Pie Crust

In my family pie was an expression of devotion. My grandmother, mother, aunties and sisters all use different recipes, but they all say: “You are special and worthy of this effort.”

Tips:

If you have never made pie crust, you may not have the tools you will need. Click the video link to learn about which tools work best for the job.

https://var/web/site/public_html.youtube.com/watch?v=bi_dL4o0s0c

Ingredients:
  • 1 cup all-purpose flour
  • ½ teaspoon salt
  • 1/3 cup unsalted butter, cold
  • Up to 3 Tablespoons ice water

(Ingredients are for one 9 or 10-inch Pie Crust)

Double this recipe if making a two-crust pie with sealed edges. In a large enough bowl, you can mix as many as four crusts at a time.

Instructions:

In a large bowl, measure out flour and salt for as many crusts as you wish to make. Cut the cold butter into tablespoon-size slices and add to bowl. Using a pastry blender, cut butter into flour mixture. The goal is to get the butter into tiny crumbs coated with flour. Mix until the flour and butter resemble coarsely ground grits or couscous.

Add cold water one tablespoon at a time, mixing with the pastry blender between additions, so the pastry gathers on the implement. It may take up to 3 tablespoons to achieve cohesion for a one crust pie in dry weather. If it is humid, it may only take 2 tablespoons, because flour absorbs moisture from the air.

Gather pastry into ball and roll it gently against the inside of the bowl until there no cracks in the ball. Cracks in the ball will become cracks when you roll out the dough, so sealing the cracks without overworking the dough is important. You can also seal stubborn cracks with your thumbs, or by throwing the dough ball into the bottom of the bowl forcefully. Allow dough to rest for 20 minutes. This is a good time to prepare filling.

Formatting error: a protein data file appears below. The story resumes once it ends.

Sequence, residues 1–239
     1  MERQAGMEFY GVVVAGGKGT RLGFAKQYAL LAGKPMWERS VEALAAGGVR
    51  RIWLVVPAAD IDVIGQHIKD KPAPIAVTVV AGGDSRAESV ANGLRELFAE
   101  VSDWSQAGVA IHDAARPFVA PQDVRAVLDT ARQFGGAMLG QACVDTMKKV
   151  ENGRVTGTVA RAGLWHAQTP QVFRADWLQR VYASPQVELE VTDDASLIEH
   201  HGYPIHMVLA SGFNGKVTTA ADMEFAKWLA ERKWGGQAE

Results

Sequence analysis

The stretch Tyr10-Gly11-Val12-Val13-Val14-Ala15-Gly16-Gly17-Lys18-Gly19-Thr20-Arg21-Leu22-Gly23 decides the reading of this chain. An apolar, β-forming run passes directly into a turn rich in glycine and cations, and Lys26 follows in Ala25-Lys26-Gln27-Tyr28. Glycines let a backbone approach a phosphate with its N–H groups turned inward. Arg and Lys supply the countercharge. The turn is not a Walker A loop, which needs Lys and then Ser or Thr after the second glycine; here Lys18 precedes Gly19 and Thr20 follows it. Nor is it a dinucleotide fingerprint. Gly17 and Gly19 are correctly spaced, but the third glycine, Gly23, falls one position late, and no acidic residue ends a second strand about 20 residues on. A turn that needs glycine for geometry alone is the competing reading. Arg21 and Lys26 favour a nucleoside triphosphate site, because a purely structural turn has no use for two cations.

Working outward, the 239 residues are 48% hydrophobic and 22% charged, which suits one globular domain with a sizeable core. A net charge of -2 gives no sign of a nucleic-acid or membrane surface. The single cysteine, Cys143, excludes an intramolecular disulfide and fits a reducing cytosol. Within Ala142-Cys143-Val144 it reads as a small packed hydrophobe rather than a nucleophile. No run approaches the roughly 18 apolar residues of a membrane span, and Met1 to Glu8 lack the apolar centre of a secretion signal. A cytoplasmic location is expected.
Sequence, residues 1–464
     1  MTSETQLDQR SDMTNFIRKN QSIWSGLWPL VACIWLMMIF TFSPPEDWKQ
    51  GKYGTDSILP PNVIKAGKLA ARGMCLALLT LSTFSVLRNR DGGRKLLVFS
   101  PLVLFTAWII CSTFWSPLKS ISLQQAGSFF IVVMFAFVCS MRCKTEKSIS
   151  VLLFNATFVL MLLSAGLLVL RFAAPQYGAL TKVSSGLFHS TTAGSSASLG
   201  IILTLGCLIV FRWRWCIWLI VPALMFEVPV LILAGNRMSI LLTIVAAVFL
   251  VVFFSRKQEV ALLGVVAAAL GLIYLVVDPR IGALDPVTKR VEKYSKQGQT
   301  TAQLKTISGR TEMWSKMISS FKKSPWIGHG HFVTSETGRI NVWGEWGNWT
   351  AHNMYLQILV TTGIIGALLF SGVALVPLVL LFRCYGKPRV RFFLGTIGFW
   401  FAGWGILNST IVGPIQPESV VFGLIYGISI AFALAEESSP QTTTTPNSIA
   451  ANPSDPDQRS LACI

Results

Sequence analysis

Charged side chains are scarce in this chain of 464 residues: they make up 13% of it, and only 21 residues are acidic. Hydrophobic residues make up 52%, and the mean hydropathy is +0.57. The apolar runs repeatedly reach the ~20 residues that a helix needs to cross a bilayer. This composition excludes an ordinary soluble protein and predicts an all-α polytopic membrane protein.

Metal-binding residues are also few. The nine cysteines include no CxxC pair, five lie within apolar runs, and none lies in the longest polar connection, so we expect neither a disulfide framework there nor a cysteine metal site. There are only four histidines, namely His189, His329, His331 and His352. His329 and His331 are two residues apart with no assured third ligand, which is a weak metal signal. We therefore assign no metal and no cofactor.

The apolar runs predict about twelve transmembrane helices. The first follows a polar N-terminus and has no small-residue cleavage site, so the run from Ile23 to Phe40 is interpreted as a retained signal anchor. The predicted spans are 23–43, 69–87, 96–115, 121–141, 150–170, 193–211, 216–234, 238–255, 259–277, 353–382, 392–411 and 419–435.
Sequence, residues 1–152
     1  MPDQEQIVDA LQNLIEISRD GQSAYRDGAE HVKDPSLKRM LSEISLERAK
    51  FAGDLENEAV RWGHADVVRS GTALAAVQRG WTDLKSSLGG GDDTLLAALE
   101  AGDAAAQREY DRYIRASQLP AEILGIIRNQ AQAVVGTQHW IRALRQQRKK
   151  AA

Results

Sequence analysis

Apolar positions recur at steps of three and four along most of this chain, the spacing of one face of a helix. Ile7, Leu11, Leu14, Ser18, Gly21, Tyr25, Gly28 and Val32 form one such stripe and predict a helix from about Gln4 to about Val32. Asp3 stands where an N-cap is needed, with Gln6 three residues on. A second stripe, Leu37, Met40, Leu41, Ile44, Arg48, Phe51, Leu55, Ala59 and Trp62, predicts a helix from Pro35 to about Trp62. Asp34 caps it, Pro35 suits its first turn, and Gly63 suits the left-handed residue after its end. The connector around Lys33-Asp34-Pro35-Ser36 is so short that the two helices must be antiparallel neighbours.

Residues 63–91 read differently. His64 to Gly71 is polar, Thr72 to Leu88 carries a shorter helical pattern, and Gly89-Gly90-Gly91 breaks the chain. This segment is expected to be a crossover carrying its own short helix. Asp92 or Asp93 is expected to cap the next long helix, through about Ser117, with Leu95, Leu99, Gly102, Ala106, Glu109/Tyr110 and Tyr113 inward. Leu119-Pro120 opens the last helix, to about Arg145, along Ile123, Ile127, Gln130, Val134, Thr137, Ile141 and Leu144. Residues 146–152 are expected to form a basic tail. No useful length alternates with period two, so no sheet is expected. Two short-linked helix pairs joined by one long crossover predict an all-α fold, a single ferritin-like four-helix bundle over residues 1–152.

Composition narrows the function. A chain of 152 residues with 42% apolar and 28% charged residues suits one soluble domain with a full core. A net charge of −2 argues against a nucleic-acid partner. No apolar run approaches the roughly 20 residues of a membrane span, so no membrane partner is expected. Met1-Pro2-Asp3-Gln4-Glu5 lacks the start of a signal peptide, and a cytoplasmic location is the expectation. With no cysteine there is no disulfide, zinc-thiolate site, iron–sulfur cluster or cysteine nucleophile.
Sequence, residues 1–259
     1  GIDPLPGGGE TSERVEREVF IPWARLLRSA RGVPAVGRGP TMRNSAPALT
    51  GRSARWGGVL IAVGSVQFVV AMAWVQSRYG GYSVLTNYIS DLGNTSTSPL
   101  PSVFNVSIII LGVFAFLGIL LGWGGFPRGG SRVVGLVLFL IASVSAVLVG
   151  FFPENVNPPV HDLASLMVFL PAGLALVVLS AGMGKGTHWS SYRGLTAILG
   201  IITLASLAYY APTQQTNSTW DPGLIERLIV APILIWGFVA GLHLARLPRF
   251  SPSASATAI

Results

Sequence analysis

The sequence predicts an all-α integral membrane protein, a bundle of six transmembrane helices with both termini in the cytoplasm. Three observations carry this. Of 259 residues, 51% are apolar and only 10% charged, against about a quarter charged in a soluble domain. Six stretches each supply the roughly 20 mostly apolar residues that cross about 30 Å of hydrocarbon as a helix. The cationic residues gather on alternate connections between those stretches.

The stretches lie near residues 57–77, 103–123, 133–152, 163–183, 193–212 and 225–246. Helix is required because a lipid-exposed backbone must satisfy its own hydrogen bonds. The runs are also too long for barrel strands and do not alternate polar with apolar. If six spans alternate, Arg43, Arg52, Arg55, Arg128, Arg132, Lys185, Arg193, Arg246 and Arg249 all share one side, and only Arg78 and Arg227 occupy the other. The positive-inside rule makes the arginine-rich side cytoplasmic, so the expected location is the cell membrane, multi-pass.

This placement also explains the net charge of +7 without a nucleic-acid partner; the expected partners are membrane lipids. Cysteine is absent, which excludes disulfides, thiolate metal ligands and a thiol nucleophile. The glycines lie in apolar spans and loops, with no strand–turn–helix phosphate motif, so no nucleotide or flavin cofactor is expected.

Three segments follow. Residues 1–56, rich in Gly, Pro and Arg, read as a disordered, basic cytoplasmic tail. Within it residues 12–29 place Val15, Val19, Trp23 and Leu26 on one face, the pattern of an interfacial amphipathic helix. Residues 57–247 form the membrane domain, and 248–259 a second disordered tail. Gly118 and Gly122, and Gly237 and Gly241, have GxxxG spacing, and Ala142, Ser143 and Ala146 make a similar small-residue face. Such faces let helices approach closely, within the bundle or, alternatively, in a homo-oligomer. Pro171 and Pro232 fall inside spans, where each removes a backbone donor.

Roll out the pastry on a floured cloth covered board, or a floured silicon pastry sheet. A floured wooden rolling pin works best for this type of dough. Roll the dough ball in the flour and gently flatten into a disk. Turn the disk over and roll on other side applying even pressure all the way to the end of the crust. Apply even pressure from the middle of the flattening disk to end in all directions until you have a uniform sheet large enough to lap over the sides your 10-inch pie plate.

The crust is ready for filling now. Bake according to filling recipe.

To create a partially baked pie shell for quiche, flute the edge (see below), line with two layers of foil, and bake for 8 minutes at 425 degrees Fahrenheit. The crust may look raw in the center bottom of the plate.  Crimp foil around the upper edge, leaving the center exposed and bake to desired doneness (About 2-3 minutes).  Quiche filling bakes slowly at 325 degrees, so a little foil around the edge of the quiche will keep the upper crust from over-browning.

For a fully baked pie crust, follow the partially baked instructions, but remove the foil after 8 minutes and bake another five minutes at the same temperature until the bottom crust appears golden and no longer clings to the plate.

Two Crust Pies:  Once your pie is filled all you will see of the crust is the upper edge. The classic fluted pie crust edge is made by folding the upper crust around the lip of lower crust to form a sealed rim. Flute by pushing the rim gently with one index finger between the index finger and thumb of the opposite hand.

Protect the fluted edge by covering it in an aluminum foil strip, or a silicon pie crust rim for most of the baking cycle. Remove edge protection for the last 10 -15 minutes of baking. A pie is not done until the filling is bubbling through the slits in the crust. If the crust is getting over-browned, use aluminum foil to protect it while the filling bakes.

https://var/web/site/public_html.youtube.com/watch?v=KjCWRNuCEx0&t=7s

 

Pie Crust